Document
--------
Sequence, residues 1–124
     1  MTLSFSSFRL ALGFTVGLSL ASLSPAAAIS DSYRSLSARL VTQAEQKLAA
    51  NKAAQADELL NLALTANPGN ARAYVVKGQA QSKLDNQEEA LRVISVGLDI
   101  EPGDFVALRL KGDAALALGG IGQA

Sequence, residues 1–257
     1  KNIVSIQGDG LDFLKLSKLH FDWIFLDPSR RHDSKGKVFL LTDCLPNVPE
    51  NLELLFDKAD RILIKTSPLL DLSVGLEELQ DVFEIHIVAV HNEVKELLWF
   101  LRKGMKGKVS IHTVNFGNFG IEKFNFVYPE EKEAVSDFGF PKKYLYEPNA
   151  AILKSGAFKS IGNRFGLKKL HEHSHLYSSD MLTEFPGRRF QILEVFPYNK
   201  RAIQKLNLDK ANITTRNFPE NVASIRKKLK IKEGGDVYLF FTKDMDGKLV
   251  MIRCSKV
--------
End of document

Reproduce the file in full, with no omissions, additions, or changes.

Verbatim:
Sequence, residues 1–124
     1  MTLSFSSFRL ALGFTVGLSL ASLSPAAAIS DSYRSLSARL VTQAEQKLAA
    51  NKAAQADELL NLALTANPGN ARAYVVKGQA QSKLDNQEEA LRVISVGLDI
   101  EPGDFVALRL KGDAALALGG IGQA

Sequence, residues 1–257
     1  KNIVSIQGDG LDFLKLSKLH FDWIFLDPSR RHDSKGKVFL LTDCLPNVPE
    51  NLELLFDKAD RILIKTSPLL DLSVGLEELQ DVFEIHIVAV HNEVKELLWF
   101  LRKGMKGKVS IHTVNFGNFG IEKFNFVYPE EKEAVSDFGF PKKYLYEPNA
   151  AILKSGAFKS IGNRFGLKKL HEHSHLYSSD MLTEFPGRRF QILEVFPYNK
   201  RAIQKLNLDK ANITTRNFPE NVASIRKKLK IKEGGDVYLF FTKDMDGKLV
   251  MIRCSKV